I’ve adjusted very well after having spent most of my adult life in prison. I still think back to my fateful decision in 2005 to go to my victim’s house when he saw me in a store and asked me to come over. He was someone from my past who I knew would be a bad influence, so I almost told him no. I’d gone a number of days without alcohol or cigarettes, but I still had some weed and planned to be done with it too once it was gone. I wanted it gone soon and didn’t have the willpower to throw it away, so my foolish mindset at the time was that smoking the rest of it with this guy was my best option. I first asked him if he would be drinking and he said no. When getting to his house, the first thing he did was take a beer out of his refrigerator. Instead of leaving as I should have, I told myself I could be around alcohol and resist the urge to drink. One day at his house led to another and another. I think it was my third day with him that I gave in and that led me to the worst trouble of my life. I already had an assault charge pending for an incident similar to what was about to occur, but it wasn’t near as serious.
I noticed the trouble brewing in an apartment where I spent the last day with my victim. He continually argued with the woman whose apartment we were in, ripped her phone out of the wall and tried getting me to help him steal some of her property. I ignored the red flags and stayed where I should have known something very bad was going to happen. I still don’t know why he attacked me, but I vaguely remember taking some shots to the face with a beer bottle. Both of my eyes were black; one was swollen completely shut. I also had a head injury bad enough for an X ray, so when I learned a broken beer bottle had been found at the crime scene, I concluded it had been broken over my head. Despite what you may have seen in a movie, beer bottles do not easily break. Whatever force hits a round surface is distributed over a wide area, meaning that force must be tremendous to damage the point of impact. I’ll spare you the gruesome details, but things got uglier and my attacker was laying in blood when I left the apartment. Once I was in jail I knew I wouldn’t be leaving until it was time for me to go to prison.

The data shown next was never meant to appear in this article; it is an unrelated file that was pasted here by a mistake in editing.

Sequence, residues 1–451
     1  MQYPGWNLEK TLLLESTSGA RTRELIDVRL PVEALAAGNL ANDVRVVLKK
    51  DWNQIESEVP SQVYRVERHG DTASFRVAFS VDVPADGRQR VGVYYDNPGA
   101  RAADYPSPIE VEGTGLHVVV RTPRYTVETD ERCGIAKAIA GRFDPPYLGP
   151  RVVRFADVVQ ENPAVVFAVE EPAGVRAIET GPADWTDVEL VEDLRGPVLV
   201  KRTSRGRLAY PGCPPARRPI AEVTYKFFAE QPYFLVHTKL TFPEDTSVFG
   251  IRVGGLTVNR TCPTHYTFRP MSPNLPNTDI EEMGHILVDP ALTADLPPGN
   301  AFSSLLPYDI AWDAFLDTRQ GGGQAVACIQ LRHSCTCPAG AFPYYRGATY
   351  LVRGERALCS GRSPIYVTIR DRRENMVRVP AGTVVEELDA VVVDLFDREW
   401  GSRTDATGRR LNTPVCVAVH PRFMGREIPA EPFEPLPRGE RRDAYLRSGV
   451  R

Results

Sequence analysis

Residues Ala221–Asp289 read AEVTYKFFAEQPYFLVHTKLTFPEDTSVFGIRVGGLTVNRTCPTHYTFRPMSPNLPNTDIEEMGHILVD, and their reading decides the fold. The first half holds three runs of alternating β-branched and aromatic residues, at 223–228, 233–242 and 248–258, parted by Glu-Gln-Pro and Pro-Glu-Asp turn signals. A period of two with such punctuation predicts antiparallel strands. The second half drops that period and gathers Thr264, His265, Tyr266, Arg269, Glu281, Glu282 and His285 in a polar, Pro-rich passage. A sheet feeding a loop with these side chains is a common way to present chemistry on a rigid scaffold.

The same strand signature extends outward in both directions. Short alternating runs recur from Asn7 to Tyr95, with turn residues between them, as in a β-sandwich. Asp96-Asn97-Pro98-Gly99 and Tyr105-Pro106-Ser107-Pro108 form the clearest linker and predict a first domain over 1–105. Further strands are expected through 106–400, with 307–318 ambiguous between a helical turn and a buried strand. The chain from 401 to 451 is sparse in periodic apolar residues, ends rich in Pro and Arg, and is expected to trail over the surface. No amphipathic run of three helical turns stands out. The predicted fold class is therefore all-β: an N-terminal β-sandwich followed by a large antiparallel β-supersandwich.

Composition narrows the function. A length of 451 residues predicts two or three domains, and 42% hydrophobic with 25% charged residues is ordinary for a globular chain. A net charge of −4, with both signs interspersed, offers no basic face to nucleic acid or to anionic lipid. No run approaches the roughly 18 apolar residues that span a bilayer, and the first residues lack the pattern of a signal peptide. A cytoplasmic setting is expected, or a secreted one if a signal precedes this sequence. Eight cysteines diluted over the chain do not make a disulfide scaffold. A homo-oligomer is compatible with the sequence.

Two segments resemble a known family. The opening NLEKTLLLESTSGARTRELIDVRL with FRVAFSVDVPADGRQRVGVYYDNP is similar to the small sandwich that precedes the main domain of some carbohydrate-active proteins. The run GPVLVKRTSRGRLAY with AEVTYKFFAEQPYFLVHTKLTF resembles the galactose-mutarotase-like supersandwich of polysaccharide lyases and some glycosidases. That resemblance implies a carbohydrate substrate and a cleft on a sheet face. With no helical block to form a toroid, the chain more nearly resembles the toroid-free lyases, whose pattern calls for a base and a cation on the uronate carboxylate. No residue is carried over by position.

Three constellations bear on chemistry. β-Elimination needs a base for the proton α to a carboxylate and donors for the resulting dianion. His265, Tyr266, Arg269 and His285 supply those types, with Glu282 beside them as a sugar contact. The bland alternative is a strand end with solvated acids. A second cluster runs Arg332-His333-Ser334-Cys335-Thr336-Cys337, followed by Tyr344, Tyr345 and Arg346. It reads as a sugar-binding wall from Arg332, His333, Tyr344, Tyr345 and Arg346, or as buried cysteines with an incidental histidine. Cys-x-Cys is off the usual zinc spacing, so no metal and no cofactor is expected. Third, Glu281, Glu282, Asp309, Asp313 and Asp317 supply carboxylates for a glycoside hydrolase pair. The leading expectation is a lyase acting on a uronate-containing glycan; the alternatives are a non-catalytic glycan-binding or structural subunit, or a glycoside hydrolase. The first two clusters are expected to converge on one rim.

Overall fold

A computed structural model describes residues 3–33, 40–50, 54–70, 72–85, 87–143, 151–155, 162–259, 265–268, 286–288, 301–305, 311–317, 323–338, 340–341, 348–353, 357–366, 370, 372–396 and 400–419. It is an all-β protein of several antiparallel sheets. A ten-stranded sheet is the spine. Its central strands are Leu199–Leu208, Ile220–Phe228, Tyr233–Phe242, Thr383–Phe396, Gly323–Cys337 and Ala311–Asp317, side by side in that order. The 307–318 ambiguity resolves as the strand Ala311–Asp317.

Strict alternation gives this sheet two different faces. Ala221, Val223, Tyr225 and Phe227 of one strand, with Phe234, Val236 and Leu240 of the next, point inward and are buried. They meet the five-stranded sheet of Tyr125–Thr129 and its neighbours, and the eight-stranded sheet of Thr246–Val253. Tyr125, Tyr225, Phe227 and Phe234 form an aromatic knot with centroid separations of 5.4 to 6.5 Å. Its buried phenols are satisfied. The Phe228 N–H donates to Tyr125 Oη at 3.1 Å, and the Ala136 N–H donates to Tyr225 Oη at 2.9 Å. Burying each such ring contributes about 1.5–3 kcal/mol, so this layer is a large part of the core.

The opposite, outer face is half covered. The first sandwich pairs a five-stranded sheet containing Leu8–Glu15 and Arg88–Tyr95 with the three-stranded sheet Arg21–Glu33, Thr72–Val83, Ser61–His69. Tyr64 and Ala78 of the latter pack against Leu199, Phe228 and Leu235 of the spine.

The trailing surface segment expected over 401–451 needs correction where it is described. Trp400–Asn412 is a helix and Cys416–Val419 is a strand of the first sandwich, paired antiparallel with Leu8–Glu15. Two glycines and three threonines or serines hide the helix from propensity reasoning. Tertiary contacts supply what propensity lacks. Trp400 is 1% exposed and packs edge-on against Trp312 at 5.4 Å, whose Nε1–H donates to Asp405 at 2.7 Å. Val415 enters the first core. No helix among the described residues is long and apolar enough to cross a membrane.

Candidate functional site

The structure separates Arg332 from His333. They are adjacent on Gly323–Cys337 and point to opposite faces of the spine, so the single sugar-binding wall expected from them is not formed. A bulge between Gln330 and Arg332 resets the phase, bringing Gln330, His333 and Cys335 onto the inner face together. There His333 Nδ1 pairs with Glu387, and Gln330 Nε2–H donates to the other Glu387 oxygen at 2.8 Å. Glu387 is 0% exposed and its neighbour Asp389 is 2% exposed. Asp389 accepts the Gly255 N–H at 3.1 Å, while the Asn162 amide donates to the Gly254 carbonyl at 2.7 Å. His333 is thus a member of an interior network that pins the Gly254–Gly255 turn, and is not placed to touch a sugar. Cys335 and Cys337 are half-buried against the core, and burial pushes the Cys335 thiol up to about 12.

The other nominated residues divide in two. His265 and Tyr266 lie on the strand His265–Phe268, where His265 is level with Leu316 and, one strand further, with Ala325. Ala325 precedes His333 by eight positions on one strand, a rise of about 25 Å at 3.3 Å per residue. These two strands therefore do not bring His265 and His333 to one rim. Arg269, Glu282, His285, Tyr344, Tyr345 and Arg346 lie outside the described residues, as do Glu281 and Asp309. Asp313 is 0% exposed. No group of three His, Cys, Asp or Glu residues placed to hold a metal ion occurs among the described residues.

I dealt with a lot of terrible unknowns after getting locked up. The first one was the worst. For several days following the incident I didn’t know if my victim would live or die. I knew nothing until hearing he was out of the hospital, which brought me great relief. Next was the stress of not knowing how long my sentence would be. Then I accepted an offer of 15 years. After that I had a long time to wonder how much of that time I would spend in prison before getting out on parole. Now I wonder where I would be in life today had I refused to go to my victim’s house, or at least gotten away from him before he attacked me. That unknown doesn’t trouble me, but it sure makes me curious. Would I still be drinking, smoking and getting high? Would I still be alive? The questions could be endless. One thing I do know is I’m an entirely different person now, and the changes in me are much more than sobriety. I don’t watch the same stuff on TV, listen to the same music or talk the same way. It took hard time to straighten me out, and I can now say with confidence that I’ll never return to the troubled and decadent life I once had.
If people were reincarnated as another species that was determined by behavior, as Hindus believe, I would likely be a dung beetle in my next life had I not changed. That’s an unpleasant thought, but my true fate would have been much worse had I died before changing. It’s by undeserving grace that I went to prison instead of the grave. In prison I experienced depression like I never had before, but at least I wasn’t dead and a whole lot of good came from that terrible chapter in my life. It started with misery, but I didn’t know about all the good things that awaited me in the future. Joseph, Jacob’s favorite son (Gen. 37:3), must have felt devastation far worse than mine when his jealous brothers sold him into slavery (Gen. 37:23-28), yet God was with him and he found favor in his master’s eyes (Gen. 39:1-4). He was later put in prison when his master’s wife falsely accused him of rape (Gen. 39:7-20), and even that resulted in good for him. He next had favor with the prison’s keeper (Gen. 39:21-23). Finally, he gained favor with Egypt’s Pharaoh after interpreting a dream for him (Gen. 41:25-43). (It was a different Pharaoh who persecuted the Israelites [Ex. 1:8-14].) Best of all, Joseph’s brothers who betrayed him had remorse and joined him in Egypt to live a good, happy life (Gen. 45:1-21). This is one of many great examples of how God will cause good to come from tragic events. So if you’re going through a hard time in life, my advice to you is don’t let the present overwhelm you when the future isn’t yet determined.
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